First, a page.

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Man inside a power plant
Location: Hylen power plant, Norway
Photo: Lars Petter Pettersen

Responsible business practises

22 May, 2020

Sustainability in Statkraft isn’t just something that’s ‘nice to do’. It’s an integral part of how the company runs its business.

The world has shifted over the past decade or so, and profit alone is no longer the ultimate sign of success for a company. A top score on the sustainability index has become just as sought after as a healthy balance sheet.

According to Statkraft’s Maja de Vibe, SVP Sustainability Governance and Compliance, and Sidsela Nyebak, VP Head of Corporate Sustainability, this approach is nothing new. It’s been a part of how Statkraft operates for the past 125 years.

Q&A with Maja de Vibe and Sidsela Nyebak  

 

What brought you both into the private sector world of sustainability? 

Sidsela: For me, it was a mix of intention and coincidence. I had been working in Brussels for an NGO, and I saw the potential that the private sector had to really make an impact – to influence and change things. Witnessing this reinforced my belief that sustainability is the future for business. And so, I joined Telenor, where I spent 11 years supporting global sustainability initiatives, particularly in human rights. I joined Statkraft about a year ago. I was motivated by the fact that Statkraft is providing solutions for the future, has a long history of responsible business practices, and is committed to innovate and invest in the future.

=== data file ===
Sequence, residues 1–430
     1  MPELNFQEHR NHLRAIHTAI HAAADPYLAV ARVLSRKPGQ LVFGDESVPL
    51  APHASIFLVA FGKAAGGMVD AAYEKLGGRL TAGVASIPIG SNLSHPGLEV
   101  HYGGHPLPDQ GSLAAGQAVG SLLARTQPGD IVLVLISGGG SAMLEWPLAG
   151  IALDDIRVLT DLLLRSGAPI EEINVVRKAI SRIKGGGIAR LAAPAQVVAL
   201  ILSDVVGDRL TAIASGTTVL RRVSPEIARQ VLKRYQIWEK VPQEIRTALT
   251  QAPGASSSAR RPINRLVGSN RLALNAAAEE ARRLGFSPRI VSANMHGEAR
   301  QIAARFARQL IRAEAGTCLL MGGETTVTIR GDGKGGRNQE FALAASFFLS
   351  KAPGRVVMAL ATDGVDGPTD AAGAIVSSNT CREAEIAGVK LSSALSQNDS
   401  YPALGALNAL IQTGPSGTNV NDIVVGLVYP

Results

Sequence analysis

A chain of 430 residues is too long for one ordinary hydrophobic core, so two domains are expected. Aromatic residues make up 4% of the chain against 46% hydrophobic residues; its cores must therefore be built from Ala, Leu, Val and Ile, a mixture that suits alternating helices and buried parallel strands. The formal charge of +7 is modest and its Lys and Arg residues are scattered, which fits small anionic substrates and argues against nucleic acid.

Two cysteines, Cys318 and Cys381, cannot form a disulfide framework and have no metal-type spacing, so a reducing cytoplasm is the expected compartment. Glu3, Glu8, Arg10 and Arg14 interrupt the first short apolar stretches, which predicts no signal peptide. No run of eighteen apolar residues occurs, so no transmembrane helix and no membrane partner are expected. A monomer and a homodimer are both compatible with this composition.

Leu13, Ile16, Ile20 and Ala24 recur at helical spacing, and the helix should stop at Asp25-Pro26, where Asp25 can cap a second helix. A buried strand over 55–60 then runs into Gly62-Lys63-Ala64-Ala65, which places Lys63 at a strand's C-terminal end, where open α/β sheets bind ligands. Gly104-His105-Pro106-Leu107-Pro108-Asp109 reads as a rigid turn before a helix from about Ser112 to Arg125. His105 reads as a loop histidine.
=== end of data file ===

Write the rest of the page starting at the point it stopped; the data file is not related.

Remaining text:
Maja de Vibe
Location: Statkraft headquarter, Oslo
Photo: Statkraft

Maja de Vibe is Senior Vice President and head of Statkraft's Sustainability Governance and Compliance unit.

Maja, what about you?  

Maja: It was during my 10 years living and working in Africa, that I was exposed to a range of sustainability-related challenges. It became very clear to me that the private sector had power to do good, essentially effecting change through their buying power, partnerships, and how they implemented their business. I wanted to contribute to companies who were taking a responsible approach. I was very fortunate to join Statkraft nearly seven years ago.

Sidsela, you mentioned that you see sustainability as the future for businesses. Can you explain what you mean by that? 

Sidsela: If you want to be a profitable and successful company, you shouldn’t just think of value in financial terms. There are other aspects of a company’s value, such as how it respects people, societies and natureand how companies carefully weigh these different concerns as part of their business processes. 

Do you see Statkraft as a company that is succeeding in using their position for good?  

Maja:  We’ve been around for 125 years and throughout that history, there has been a deeply ingrained, long-standing commitment to doing things in the right way. It’s who we are and makes our employees proud to be a part of Statkraft.